That would be nice, as I agree with you about MSE. Better still would be to have W8 and MSE seamlessly integrated, as a part of the OS, but that's probably not going to happen. The major AV companies would cry and complain.

BTW, changing the OS to automatically use a different drive path for application installation is the easy part. It's when you try to move the "Documents and Settings" folder off-drive where it becomes a nightmare. I expect the AppData folder will be the same. The way I have XP set up, literally the only thing on the C drive is the core OS. All data (pictures, documents, etc.) is on the D drive, anything related to applications (including the Application Data folder) is on the E drive, all my web server data is on the F drive, and everything related to games (again, along with a "new" folder named "Game Data" {same function as the Application Data folder}) is located on the G drive. Given the literally weeks of research, experimentation, and System Restore use that it took to achieve this level of separation, I may choose to be a little less anal about things this time, but I still want to keep my data, apps and games on different drives. Depending on remaining space on the C drive, I may choose not to move folders around, as I did in XP (that really is a headache), I may just leave them in place, but "ghost" them to alternate drives. I'm also planning on using a 16GB thumb drive, mounted on an internal USB slot, as the swap file, since I've both read and seen that this can give a tremendous boost to performance over using an HDD. Too bad XP can't replicate this feature. :)
Safe, Reliable Insanity, Since 1961!


I would say don't bother with using a USB flash drive for the swap file, I have tried it and I think it actually slows down the PC, and the reason for that is the awful speed of USB 2 compared to SATA, if it was a USB 3 flash drive it would be so much better.

USB 2 maximum throughput is at best around 35MBs where as SATA 2 is at worst 150MBs and at best around 300MBs.

None of these speeds are set in stone but whatever way you look at it USB 2 is just too slow for the OS.


You have a point. Of course, I need to consider the limitations of my current setup, since most of it will not be changing, and this includes an ATA133 drive that I can't cycle out of use yet, and first gen SATA drives, rather than SATA 2.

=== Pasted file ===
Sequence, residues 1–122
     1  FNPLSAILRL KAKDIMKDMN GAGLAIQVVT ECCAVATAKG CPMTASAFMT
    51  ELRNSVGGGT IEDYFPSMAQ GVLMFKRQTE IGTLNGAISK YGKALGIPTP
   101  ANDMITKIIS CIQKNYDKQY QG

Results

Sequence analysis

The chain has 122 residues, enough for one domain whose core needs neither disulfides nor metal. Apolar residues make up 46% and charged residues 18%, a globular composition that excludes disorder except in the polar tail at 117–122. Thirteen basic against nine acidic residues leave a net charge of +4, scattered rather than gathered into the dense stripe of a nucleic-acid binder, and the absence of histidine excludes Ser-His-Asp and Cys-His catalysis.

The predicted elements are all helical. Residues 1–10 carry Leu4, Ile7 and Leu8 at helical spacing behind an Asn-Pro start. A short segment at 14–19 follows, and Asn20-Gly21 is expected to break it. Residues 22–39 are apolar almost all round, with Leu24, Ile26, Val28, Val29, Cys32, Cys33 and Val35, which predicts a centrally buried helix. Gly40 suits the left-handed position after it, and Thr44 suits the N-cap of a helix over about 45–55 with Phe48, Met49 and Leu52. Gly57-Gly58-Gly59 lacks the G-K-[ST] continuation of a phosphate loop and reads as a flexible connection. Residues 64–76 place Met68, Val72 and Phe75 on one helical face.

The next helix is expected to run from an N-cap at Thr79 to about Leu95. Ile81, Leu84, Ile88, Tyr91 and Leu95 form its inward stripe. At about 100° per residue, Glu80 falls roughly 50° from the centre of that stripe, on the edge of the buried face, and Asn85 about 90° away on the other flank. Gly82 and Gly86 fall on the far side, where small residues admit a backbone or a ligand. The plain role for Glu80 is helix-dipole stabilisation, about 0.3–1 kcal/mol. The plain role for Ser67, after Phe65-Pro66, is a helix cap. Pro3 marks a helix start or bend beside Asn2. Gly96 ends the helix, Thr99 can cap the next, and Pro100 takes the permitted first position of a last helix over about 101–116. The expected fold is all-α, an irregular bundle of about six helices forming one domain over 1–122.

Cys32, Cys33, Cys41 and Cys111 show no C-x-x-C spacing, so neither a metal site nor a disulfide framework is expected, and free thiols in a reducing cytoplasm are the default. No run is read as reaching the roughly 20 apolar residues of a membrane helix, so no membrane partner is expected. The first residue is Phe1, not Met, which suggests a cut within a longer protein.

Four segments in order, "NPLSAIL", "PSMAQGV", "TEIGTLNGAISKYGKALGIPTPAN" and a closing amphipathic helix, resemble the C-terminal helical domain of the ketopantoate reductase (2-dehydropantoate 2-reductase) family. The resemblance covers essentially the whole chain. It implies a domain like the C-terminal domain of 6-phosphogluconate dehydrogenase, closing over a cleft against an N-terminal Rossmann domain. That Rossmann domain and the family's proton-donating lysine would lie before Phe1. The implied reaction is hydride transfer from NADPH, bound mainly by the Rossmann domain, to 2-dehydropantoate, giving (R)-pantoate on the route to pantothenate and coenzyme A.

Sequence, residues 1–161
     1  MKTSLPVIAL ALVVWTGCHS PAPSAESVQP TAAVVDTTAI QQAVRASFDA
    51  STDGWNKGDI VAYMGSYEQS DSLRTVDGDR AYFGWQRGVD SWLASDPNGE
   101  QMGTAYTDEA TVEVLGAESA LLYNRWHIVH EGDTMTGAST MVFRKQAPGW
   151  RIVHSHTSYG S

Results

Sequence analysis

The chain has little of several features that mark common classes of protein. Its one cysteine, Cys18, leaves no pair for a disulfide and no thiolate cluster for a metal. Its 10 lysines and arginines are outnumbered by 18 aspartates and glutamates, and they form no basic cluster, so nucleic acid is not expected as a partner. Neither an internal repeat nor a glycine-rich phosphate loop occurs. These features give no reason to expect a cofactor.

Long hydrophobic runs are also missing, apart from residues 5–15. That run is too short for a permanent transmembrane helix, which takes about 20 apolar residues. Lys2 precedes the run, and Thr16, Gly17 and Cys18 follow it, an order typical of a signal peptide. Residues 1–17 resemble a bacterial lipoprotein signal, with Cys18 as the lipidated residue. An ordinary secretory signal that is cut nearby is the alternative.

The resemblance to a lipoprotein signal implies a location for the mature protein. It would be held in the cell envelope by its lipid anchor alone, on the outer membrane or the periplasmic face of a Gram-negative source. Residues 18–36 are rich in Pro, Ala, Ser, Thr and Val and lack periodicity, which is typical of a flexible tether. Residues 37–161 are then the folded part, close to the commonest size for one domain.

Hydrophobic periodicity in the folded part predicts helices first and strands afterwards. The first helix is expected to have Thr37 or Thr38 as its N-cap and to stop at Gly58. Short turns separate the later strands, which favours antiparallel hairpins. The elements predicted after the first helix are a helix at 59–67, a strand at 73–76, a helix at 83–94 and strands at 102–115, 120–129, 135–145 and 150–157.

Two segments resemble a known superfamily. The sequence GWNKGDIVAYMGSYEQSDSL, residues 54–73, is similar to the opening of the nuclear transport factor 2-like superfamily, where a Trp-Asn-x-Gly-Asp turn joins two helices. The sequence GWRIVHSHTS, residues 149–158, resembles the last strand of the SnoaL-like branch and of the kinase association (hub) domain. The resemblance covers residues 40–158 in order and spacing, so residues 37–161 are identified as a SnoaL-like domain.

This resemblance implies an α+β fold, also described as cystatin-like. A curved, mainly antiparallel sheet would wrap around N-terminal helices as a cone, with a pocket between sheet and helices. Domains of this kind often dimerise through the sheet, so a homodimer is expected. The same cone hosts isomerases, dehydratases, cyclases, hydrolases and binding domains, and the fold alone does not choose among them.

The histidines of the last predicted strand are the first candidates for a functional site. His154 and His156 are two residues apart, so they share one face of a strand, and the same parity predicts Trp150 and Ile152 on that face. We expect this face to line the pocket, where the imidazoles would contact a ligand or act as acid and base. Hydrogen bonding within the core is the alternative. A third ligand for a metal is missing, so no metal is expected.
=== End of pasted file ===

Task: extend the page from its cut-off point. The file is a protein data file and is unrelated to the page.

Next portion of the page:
I just ran a benchmark on the USB flash drives I currently have, and they're all topping out at 15MB/sec, which looks to be about standard for comparable drives. My ATA133 drive tests out at 48.7 MB/sec, and my fastest SATA drive runs at 84.6

I'm leery of using the SSD for the swap file, for two reasons. First, because I'm not sure of how much room will be taken up by Windows 7, and second, swap files see more disk activity than any other file in the system, and everything I've read about the technology behind SSD's indicates that a lot of constant access can reduce longevity by a significant amount. Perhaps that's different now, but I've not heard anything to the contrary.
Safe, Reliable Insanity, Since 1961!


You have a point about the SSD ageing and I know its sometimes described as a problem with them, but I can tell you I know a chap who has had one pretty well since they came out, so older technology type too, and his is still working fine, I guess nothing lasts for ever, so in time it will fail but if it only has the OS on then that wouldn't be too bad. 

If it was me Dave and I wanted to play safe, which I fully understand, I would put the swap file on the fastest HDD I have, it's going to be faster than USB2.


I may just do that, for now, and see how it goes. Maybe I'll save up my pennies, and pick up a small, cheap (relatively speaking) SSD later on, to see just how long they last. So far, I've seen reports of 10's - to 100's of thousands of read/write cycles for some brands of SSD's, but that really doesn't seem like all that much to me. If I understand it correctly, it's the writing that wears on them, but that's also what takes the most time on a standard drive,  so it's a "catch-22" situation, balancing speed with longevity. Dunno. I'll figure things out, I'm sure. :)
Safe, Reliable Insanity, Since 1961!